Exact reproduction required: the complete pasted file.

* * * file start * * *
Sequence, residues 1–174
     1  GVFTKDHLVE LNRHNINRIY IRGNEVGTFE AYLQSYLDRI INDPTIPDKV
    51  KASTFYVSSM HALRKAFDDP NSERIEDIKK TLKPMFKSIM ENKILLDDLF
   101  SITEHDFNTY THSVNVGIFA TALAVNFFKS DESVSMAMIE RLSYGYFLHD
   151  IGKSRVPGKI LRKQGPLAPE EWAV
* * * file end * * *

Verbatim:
Sequence, residues 1–174
     1  GVFTKDHLVE LNRHNINRIY IRGNEVGTFE AYLQSYLDRI INDPTIPDKV
    51  KASTFYVSSM HALRKAFDDP NSERIEDIKK TLKPMFKSIM ENKILLDDLF
   101  SITEHDFNTY THSVNVGIFA TALAVNFFKS DESVSMAMIE RLSYGYFLHD
   151  IGKSRVPGKI LRKQGPLAPE EWAV